Symbols in The Minister's Black Veil
Symbols Examples in The Minister's Black Veil:
The Minister's Black Veil
"in solitude and before the gaze of multitudes, and as with strangers, so with my familiar friends..." See in text (The Minister's Black Veil)
Readers may wonder exactly what the veil symbolizes. The following statement makes it seem as though the veil is a personal symbol of a secret sin, indicated by the proclamation that he must wear it “in solitude and before the gaze of multitudes.”
"the faint, sad smile..." See in text (The Minister's Black Veil)
Reverend Hooper's sad smile, so often mentioned in the story, may indicate his sorrowful recognition that he has failed to make clear to his congregation what the veil represents. If he had told the townspeople that he wore the veil as a symbol for hidden sins, the purpose would have been annulled by the proclamation. The smile, then, is directed at himself for having lost an opportunity to make himself understood.
"Yea," said he, in faint accents; "my soul hath a patient weariness until that veil be lifted...." See in text (The Minister's Black Veil)
This line supports the idea that the veil represents one of Hooper’s personal sins. If the burden of his sins were lifted then he would be free to lift his veil. Although the story never directly implies one interpretation of the symbolism of the black veil, it may be argued that either of the two interpretations are realistically the same. If the veil represents one of Hooper’s sins, then the townspeople’s fixation on his sin simply indicates that they want to distract themselves from their own hidden sins.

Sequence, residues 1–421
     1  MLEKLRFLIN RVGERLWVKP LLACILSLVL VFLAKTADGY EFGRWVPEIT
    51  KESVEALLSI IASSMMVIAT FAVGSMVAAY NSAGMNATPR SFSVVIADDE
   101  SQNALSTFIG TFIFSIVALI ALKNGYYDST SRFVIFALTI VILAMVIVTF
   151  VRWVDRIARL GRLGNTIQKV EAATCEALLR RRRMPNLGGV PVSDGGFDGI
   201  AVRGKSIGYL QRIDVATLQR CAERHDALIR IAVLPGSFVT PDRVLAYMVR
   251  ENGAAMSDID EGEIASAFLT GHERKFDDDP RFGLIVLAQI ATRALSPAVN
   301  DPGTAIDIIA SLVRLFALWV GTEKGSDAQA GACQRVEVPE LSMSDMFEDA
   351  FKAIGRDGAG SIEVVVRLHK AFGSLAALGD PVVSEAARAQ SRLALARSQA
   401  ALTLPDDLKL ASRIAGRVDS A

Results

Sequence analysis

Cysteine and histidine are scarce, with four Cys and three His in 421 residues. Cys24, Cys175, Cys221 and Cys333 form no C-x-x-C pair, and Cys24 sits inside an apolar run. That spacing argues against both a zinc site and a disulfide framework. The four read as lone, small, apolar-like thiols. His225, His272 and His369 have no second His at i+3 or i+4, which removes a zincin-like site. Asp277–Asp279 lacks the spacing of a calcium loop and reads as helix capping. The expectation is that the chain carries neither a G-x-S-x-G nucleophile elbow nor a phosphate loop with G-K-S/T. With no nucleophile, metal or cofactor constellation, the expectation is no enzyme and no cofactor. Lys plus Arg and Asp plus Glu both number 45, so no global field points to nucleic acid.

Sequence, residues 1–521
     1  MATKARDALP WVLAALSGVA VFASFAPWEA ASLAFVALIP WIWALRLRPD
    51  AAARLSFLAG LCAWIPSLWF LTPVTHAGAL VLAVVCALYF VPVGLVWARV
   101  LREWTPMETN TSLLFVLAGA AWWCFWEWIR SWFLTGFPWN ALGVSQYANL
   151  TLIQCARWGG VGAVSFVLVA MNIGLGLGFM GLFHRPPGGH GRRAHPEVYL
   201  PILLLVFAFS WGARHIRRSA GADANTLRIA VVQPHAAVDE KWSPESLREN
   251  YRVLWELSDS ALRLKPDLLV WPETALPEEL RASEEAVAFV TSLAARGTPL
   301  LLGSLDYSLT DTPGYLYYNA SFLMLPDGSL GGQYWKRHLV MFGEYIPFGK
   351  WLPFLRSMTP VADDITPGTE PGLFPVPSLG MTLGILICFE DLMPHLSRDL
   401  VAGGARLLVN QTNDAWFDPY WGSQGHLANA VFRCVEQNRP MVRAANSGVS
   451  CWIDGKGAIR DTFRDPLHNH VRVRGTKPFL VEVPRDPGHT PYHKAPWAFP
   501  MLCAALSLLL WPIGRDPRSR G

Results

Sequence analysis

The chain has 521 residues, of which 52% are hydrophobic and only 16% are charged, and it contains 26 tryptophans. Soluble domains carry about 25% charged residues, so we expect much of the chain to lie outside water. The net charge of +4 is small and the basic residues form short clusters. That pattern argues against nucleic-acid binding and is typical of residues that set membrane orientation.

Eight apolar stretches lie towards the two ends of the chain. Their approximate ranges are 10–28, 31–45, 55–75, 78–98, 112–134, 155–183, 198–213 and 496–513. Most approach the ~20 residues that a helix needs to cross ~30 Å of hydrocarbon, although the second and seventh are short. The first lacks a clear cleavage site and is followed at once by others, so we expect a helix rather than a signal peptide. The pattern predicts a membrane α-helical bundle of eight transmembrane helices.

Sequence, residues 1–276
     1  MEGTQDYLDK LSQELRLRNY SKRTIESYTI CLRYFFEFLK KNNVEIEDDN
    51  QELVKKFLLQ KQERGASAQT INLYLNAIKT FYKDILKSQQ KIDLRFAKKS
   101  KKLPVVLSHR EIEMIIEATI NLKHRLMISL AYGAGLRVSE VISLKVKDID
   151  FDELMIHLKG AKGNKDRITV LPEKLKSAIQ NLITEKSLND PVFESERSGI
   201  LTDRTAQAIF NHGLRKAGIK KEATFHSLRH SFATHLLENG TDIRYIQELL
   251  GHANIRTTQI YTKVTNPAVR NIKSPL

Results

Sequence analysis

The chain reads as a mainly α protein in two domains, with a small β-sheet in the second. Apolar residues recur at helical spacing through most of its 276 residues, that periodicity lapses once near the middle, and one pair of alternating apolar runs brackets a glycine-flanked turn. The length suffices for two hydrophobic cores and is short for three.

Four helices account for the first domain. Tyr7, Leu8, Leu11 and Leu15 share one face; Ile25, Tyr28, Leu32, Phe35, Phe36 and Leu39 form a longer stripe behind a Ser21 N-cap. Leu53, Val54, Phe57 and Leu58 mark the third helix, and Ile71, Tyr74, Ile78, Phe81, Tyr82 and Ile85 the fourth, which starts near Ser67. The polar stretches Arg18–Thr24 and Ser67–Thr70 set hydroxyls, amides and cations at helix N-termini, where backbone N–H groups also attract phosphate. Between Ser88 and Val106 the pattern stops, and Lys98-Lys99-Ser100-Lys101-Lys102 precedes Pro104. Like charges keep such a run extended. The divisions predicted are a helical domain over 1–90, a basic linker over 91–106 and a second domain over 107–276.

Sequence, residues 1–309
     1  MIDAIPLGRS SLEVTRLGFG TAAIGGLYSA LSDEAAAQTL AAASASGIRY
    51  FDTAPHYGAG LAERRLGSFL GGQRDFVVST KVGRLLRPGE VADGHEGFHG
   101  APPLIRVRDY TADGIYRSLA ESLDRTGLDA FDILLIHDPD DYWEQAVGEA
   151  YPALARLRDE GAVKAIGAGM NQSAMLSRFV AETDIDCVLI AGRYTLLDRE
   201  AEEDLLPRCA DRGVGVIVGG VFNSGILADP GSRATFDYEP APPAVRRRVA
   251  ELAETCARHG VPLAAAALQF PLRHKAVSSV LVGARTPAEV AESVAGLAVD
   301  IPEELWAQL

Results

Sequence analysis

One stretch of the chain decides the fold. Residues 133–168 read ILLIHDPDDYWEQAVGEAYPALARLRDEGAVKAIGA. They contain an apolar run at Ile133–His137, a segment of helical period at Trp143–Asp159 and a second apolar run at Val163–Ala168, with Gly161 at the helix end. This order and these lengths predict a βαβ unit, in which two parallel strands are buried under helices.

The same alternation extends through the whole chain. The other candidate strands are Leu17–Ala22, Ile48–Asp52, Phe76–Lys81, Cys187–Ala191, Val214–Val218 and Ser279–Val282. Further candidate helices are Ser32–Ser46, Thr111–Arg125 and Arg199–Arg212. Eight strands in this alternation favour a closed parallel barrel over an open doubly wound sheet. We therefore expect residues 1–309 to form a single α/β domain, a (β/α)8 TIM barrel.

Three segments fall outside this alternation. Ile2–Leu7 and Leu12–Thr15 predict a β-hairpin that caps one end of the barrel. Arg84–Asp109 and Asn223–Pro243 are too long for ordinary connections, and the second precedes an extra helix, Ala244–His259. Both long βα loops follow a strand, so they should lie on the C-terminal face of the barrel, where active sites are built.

"I look around me, and, lo! on every visage a black veil!..." See in text (The Minister's Black Veil)
Reverend Hooper's dying comment is perhaps the closest he comes to explaining the meaning of the veil. Though we never know for certain whether the veil is a symbol for all the hidden sins of humankind or one specific sin of which he does not want to outright confess, the veil can come forth to mean both in these last words, suggesting all people have hidden sins they wish not to explain.